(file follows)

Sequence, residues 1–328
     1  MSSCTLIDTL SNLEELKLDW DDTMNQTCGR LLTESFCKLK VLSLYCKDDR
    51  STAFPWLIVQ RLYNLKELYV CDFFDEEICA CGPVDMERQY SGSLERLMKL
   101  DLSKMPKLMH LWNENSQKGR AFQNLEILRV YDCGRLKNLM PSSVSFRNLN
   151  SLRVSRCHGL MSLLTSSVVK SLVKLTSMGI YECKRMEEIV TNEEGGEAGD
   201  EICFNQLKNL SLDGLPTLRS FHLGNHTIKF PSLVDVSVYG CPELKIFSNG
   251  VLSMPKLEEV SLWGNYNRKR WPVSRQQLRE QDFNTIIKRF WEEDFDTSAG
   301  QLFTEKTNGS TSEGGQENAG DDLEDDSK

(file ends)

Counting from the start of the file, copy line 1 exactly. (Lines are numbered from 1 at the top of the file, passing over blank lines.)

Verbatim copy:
Sequence, residues 1–328